The Mighty Logo

To the Person Who Called Me the R-Word Because I'm Autistic

The most helpful emails in health
Browse our free newsletters

It has taken 26 years of my life, but I have finally had the word “retarded” used about me. I’ve always hated how casually it is thrown around and I try my best to advocate when I hear it in everyday conversation. I never expected to actually be referred to by that word. I want to address some of the points you and your supporters felt the need to make while calling me this word.

“It’s just part of my vocabulary. It would be too difficult to change it now.”

I spend each and every second masking to fit into a world that wasn’t made for me. It is way too loud, bright, and full of social situations I am woefully unequipped for. Yet, I still manage to adapt myself so I can function in this world. To tell me that you can’t make the effort to remove one word from your vocabulary, especially such a hurtful one, is a downright insult. I am done masking to the point of burnout just so you don’t feel uncomfortable around differences.

“They didn’t mean it. It’s just something people say.”

Then that means it’s something people need to stop saying. It hurts me to the core to be referred to in a demeaning manner. There are so many words out there that were once considered acceptable, but have been put to rest because they are offensive. It’s time this one be taken away as well. You don’t get to make the decision that it’s “just something people say.” The community that is being called by the slur gets to make that decision.

“You’re not a functioning adult.”

When I was growing up, my parents had no faith in me. They always told me I would be living in a group home, unable to take care of myself. Not only have I exceeded, but I have demolished everyone’s expectations of me. You have no clue about the struggle it took to get to where I am in life. I don’t even have respite in sleep because of how my neurological system works. I have to fight so many battles for the simplest of tasks. Even going to the grocery store can take more effort than most people exert in a day. Not only do I manage to do all that, but I pay my bills, go to work and take care of my family. I am functioning to the highest extent.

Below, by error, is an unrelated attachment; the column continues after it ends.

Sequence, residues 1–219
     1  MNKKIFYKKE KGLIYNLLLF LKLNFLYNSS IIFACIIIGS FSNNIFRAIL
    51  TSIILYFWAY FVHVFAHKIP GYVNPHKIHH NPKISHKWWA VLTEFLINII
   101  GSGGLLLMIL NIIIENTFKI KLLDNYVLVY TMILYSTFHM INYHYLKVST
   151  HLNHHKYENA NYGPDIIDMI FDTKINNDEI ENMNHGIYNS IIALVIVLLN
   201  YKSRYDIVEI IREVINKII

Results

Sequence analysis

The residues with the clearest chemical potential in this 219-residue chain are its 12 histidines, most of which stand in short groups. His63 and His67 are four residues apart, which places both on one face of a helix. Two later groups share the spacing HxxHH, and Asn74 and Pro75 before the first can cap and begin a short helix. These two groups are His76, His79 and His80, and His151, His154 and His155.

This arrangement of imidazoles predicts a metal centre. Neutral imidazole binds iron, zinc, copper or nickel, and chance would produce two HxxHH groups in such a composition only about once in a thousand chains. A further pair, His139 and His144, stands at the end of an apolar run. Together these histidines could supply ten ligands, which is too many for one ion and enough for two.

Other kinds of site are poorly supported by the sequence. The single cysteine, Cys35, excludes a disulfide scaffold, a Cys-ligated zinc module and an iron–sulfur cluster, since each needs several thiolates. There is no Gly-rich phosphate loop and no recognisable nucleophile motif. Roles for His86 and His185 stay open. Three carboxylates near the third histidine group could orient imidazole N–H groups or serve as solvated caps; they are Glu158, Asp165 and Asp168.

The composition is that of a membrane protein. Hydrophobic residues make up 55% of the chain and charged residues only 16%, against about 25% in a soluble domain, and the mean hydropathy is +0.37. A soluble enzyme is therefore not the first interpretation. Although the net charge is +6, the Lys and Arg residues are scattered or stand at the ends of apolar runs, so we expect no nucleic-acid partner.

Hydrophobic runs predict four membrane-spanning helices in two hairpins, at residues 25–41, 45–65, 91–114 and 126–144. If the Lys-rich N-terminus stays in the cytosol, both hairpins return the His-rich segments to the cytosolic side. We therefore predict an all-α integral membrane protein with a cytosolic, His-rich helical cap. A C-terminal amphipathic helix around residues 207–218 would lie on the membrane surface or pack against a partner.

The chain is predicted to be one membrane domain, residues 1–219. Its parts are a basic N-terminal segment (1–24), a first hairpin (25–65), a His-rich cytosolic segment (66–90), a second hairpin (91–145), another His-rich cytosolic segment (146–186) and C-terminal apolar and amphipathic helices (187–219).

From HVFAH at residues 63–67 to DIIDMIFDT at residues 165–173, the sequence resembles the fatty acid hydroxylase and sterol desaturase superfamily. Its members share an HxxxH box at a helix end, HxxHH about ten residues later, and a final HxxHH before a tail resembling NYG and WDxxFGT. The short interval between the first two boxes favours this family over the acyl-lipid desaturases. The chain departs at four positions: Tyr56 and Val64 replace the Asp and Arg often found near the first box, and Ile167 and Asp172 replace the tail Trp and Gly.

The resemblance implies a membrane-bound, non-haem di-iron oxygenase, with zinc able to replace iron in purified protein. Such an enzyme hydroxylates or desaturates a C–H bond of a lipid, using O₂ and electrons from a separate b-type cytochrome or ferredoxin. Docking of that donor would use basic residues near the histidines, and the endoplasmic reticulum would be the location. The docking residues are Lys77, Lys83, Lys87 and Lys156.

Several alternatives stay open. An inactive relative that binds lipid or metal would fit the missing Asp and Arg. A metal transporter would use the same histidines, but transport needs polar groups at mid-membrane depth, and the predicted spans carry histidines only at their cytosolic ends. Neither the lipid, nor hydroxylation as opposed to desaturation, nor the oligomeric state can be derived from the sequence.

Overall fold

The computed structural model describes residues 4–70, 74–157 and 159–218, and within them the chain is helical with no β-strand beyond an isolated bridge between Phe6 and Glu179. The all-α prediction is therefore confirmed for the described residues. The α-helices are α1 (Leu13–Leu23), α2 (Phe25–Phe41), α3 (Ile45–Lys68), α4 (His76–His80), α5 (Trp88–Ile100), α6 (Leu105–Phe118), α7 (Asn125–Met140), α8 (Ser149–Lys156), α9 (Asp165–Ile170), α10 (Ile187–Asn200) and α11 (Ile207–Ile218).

“You need to learn to live by yourself.”

Do you realize the amount of time and effort I have put into finding and building my support system? I can live by myself, but I choose not to. I choose to surround myself with a family of my own making — a family that lets me be autistic, that lets me be myself. I have people always around to help me when meltdowns occur and to think I’m adorable when I stim with glee. You have no right to belittle my own personal social achievement.

“Stop using your disability as a shield.”

When I stand up for myself, I don’t use my disability as a shield. I use it as my weapon. I am so proud to be autistic and to get to represent my community in such a public manner. I use my autism as a weapon to make the world a better and easier place for us. I will continue to speak out and stand up for a community that often doesn’t have a voice.

Getty image by Punnarong.

Originally published: August 3, 2020
Want more of The Mighty?
You can find even more stories on our Home page. There, you’ll also find thoughts and questions by our community.
Take Me Home